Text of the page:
Chemical weapons team in Syria kept from site of alleged attack
DOUMA, Syria — Syrian and Russian authorities prevented independent investigators from going to the scene of a suspected chemical attack, the head of the chemical watchdog group said Monday, blocking international efforts to establish what happened and who was to blame.
The U.S. and France say they have evidence that poison gas was used in the April 7 attack in the oppositionheld town of Douma, killing dozens of people, and that Syrian President Bashar Assad’s military was behind it.
But they have made none of that evidence public, even after they, along with Britain, bombarded sites they said were linked to Syria’s chemical weapons program.
Syria and its ally Russia deny any chemical attack took place, and Russian officials went even further, accusing Britain of staging a “fake” chemical attack. British Prime Minister Theresa May accused the two countries — whose forces now control the town east of Damascus — of trying to cover up evidence.
The lack of access to Douma by inspectors from the watchdog group, the Organization for the Prohibition of Chemical Weapons, has left unanswered questions about the attack.
OPCW Director-general Ahmet Uzumcu said Syrian and Russian officials cited “pending security issues” in keeping its inspectors from reaching Douma.
“The team has not yet deployed to Douma,” Uzumcu told an executive council meeting of the OPCW in The Hague.
Instead, Syrian authorities offered them 22 people to interview as witnesses, he said, adding that he hoped “all necessary arrangements will be made ... to allow the team to deploy to Douma as soon as possible.”
Russian military police were ready to help protect the OPCW experts on their visit to Douma, said Maj. Gen. Yuri Yevtushenko of the Russian military’s Reconciliation Center in Syria. Igor Kirillov, a Russian chemical weapons protection expert in The Hague, said the team is set to visit the site Wednesday.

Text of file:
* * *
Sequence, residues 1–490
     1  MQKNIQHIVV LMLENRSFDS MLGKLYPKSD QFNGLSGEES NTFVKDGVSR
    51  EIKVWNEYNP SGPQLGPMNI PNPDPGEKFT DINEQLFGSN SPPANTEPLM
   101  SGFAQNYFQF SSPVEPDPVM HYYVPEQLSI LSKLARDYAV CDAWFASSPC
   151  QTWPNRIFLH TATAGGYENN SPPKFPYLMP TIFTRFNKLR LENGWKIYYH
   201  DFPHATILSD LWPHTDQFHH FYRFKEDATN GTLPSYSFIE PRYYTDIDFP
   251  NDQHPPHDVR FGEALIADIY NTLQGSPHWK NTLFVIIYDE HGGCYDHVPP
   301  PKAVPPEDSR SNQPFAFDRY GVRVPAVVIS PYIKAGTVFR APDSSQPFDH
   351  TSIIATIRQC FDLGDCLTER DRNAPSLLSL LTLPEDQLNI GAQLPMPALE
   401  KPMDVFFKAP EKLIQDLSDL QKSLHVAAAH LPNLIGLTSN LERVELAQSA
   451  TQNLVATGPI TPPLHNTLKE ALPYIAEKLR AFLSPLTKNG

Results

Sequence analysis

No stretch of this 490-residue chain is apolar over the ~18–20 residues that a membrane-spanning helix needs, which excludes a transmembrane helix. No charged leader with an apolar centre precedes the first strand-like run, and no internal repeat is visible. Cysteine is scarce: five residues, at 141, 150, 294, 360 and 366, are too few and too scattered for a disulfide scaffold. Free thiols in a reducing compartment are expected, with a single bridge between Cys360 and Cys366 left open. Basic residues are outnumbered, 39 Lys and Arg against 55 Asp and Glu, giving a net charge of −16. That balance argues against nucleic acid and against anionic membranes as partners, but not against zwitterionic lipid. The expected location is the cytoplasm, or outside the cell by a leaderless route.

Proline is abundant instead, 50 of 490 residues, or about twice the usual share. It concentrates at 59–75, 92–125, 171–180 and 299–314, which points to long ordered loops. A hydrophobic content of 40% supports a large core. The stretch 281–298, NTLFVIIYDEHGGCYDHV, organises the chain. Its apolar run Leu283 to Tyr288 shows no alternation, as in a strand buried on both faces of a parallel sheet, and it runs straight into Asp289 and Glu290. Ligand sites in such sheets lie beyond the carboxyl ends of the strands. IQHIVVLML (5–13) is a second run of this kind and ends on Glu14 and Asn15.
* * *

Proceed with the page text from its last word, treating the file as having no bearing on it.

Earlier Monday, Russian Deputy Foreign Minister Sergei Ryabkov said the inspectors could not go to the site because they needed approval from the U.N. Department for Safety and Security. He denied that Russia was hampering the mission and suggested the approval was held up because of the Western airstrikes.
“As far as I understand, what is hampering a speedy resolution of this problem is the consequences of the illegal, unlawful military action that Great Britain and other countries conducted on Saturday,” he said.
However, U.N. spokesman Stephane Dujarric said the United Nations has “provided the necessary clearances for the OPCW team to go about its work in Douma. We have not denied the team any request for it to go to Douma.”
Early today, the government-run Central Military media reported a missile attack on the Shayrat air base in Homs province. It said Syrian air defenses shot down most of the six missiles fired at the base. It also reported a separate airstrike on the Dumayr air base near Damascus.
It did not elaborate or say who carried out the airstrikes. A Pentagon spokeswoman said there was no U.S. military activity in the area.
Earlier this month, four Iranian military personnel were killed in an airstrike on Syria’s T4 air base in Homs. Syria and its allies blamed Israel for that attack. Israel did not confirm or deny mounting the raid.
In Douma, at least 40 people are believed to have died in the suspected chemical attack on April 7. Until Saturday, the city was the last rebel-held town near the capital and the target of a government offensive in February and March that killed hundreds and displaced tens of thousands.
Russian military police officers check a weapons factory left behind by members of the Army of Islam group, in the town of Douma, the site of a suspected chemical weapons attack, near Damascus, Syria, on Monday.